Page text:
Gasoline and Rhinestones 

Kat Beal is ready to play.

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Despite the fact the Downtown Hoedown has been happening annually in Detroit since 1983, despite the fact that we have a flourishing country scene here in the city — and certainly in Michigan — it’s still tough for many people to look at the Hoedown with anything other than scorn.

It’s a “worlds collide” thing — the traditional Stetson and cowboy boot aesthetic of mainstream country music clashing with the gritty, urban surroundings of Downtown Detroit. That being said, however, those naysayers are wrong to scoff.

It’s been noted that if you don’t like country music then you simply haven’t heard the right song yet. Yes, pop people like Garth Brooks and Shania Twain exist, but so do incredibly gifted songwriters like Merle Haggard and Willie Nelson — and let’s not forget Johnny Cash. At its best, country music tells real people’s stories. It’s been called the white man’s blues and there’s some truth in that.

Kat Beal of the Kat Beal Band knows that this is all true. Beal is performing at the Hoedown this year for the first time in her young career, and she’s well aware of the perceived contradiction of a Detroit artist playing country.

“I’m hearing a lot of that,” she says. “People ask, ‘Is there a lot of country music in Detroit?’ In fact, it has a pretty good following. Each country song has its own individual impact on people’s lives, and the folks that have been able to relate to certain songs for whatever reason will feel the impact more.”

Beal grew up in Lexington, Mich. “My mother passed away when I was very young, so I was raised by my father and step-mother,” she says. “I had nine brothers and three sisters. I know, it sounds like the beginning of a country song. I’ve always been a writer. My whole life, I’ve always written poetry and songs. I was in the church choir, and my father always encouraged me to sing, be creative and artistic.

“My mother was an actress, so the creative gene is there. I grew up on country music. My dad used to listen to it a lot. The influence was originally from rockabilly music and then it evolved into country, as country evolved. My dad used to listen to it in the kitchen all the time. He’s from Detroit.”

Despite her country leanings, Beal isn’t averse to soaking in some Detroit rock influences. “I would say that I have definitely got a Detroit rock edge, but I like to keep it as country as possible,” she says. “I like the reality of it, the real life situations that come through in country music. Right now in Detroit, I see Katie Grace is growing. Alan Turner is doing his thing. There’s a bunch of bands. Outside of Detroit, Brenda Lee is my very, very favorite; of course, Faith Hill and Reba McEntire. I really enjoy mainstream country music.”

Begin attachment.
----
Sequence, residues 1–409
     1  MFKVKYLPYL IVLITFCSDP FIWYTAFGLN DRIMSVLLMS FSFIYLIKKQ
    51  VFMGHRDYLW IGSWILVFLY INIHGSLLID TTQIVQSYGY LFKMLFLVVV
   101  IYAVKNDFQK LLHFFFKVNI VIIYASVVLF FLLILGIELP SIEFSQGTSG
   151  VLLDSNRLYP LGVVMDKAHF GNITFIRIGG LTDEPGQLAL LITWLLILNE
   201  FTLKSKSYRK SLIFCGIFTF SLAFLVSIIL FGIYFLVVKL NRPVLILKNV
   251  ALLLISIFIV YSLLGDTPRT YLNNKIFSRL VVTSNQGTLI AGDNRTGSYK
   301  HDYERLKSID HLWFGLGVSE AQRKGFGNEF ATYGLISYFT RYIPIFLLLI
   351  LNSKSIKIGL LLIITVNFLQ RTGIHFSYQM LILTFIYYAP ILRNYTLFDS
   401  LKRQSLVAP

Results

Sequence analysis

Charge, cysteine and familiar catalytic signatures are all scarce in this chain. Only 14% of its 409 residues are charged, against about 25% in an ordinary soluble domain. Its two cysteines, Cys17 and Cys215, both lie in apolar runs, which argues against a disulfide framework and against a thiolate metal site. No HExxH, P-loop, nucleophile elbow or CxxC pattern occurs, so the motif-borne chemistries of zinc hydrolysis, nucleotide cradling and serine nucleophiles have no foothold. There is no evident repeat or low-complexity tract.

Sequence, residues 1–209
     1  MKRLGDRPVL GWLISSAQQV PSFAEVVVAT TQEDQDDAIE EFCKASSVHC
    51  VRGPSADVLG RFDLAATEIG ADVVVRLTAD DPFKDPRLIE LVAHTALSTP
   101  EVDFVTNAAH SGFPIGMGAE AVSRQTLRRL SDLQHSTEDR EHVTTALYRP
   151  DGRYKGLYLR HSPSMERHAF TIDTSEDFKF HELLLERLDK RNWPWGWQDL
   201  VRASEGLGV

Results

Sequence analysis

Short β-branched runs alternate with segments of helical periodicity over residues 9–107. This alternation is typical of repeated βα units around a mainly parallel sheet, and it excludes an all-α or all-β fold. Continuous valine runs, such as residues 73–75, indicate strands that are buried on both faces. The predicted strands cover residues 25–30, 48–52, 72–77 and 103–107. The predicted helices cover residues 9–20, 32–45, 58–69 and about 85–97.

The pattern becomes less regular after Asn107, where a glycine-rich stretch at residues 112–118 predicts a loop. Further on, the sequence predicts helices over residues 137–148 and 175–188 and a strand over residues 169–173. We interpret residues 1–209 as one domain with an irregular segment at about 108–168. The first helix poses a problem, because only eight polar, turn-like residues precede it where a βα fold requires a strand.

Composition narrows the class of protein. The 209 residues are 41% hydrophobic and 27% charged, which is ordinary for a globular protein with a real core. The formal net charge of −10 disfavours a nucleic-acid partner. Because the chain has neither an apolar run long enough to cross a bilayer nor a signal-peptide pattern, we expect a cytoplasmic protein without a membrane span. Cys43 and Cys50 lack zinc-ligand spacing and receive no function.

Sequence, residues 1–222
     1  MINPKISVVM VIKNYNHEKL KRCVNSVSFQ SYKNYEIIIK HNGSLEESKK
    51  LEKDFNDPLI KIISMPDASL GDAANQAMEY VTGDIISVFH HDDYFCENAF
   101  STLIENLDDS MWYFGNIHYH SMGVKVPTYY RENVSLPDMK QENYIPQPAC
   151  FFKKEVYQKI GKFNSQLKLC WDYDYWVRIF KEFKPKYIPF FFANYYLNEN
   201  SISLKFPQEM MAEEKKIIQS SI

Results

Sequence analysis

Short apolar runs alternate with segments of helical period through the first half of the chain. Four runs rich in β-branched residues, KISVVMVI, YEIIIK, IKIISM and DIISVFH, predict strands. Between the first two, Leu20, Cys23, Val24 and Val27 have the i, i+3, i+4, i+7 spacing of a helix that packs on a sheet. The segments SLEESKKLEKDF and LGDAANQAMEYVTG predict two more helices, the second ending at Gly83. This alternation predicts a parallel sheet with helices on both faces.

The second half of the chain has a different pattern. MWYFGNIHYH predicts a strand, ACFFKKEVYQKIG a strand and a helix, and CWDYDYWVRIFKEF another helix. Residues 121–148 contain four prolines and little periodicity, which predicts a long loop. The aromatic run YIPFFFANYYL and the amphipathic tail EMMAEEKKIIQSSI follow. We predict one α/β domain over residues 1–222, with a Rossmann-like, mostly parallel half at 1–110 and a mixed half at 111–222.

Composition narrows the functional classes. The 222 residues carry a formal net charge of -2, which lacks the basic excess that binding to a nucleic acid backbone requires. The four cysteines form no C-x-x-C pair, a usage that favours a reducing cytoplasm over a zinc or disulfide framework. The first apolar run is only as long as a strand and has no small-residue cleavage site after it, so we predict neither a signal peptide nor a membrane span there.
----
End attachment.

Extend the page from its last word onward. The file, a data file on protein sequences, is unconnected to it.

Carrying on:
That’s OK, nobody’s perfect. Mainstream country really does seem to be the antithesis to everything Detroit is about, but we have an incredible outlaw/Americana/alt-country scene here: people like Doop & the Inside Outlaws, the Deadstring Brothers, Whitey Morgan & the 78’s, the Orbitsuns and the aforementioned Katie Grace creating some incredible, dirty, authentic noises. Thankfully, the Downtown Hoedown does include bands of that ilk and Beal, with her Detroit rock edge, is certainly less polished than the average line dancer.


That said, much of the barbed nonsense aimed at country music — and the Hoedown — is simple snobbery. Like it or not, country music is one of the many beautiful things that Detroit offers up.

So how would Beal sell the Hoedown to the average dive bar regular in Hamtramck? “I’ve come across that — people that have never been or didn’t realize that it was there, what it’s all about and they’re not sore if they like country music” she says. “I would just say that it’s a great family event. It’s a wonderful experience, it’s fun, and it’s something that I think everyone in Detroit, and in Michigan, should take the time to go and experience for themselves.”

It would be crazy not to give Hoedown some love. After all, it’s widely recognized as the largest Country Music Festival of its kind in the world.  This is the 31st anniversary of the event, and   many artists have gotten their big break at the Hoedown including Rascal Flatts, Reba McEntire, Montgomery Gentry, Big & Rich — and Garth Brooks. Yup, Detroit has to take partial responsibility for Garth Brooks.

This year’s festival promises to be as well attended as ever, with Uncle Kracker, Jake Owen, Joe Nichols and Aaron Lewis (of Staind) on the bill. Beal has an exciting set of her own planned. “We have a lot of wonderful originals,” she says. “We’ve got a song that we wrote for the Tigers that I hope to debut, and it’s called ‘Home Run.’ I also wrote a song that is very near and dear to my heart for the men and women in the armed forces, and it’s called ‘My Soldier.’ We’re down here in Nashville hopefully getting those two done. We have a great variety of other music too.”

And when Hoedown’s over? “We’re hoping to play at some of the festivals,” Beal says. “We’re going to be traveling a little bit. Just experience as much as we possibly can.”


The Kat Beal Band plays the Downtown Hoedown on Sunday, June 2. The festival takes place between May 31-June 2 at the grounds surrounding Comerica Park, Detroit.


Brett Callwood writes City Slang.  Send comments to him at


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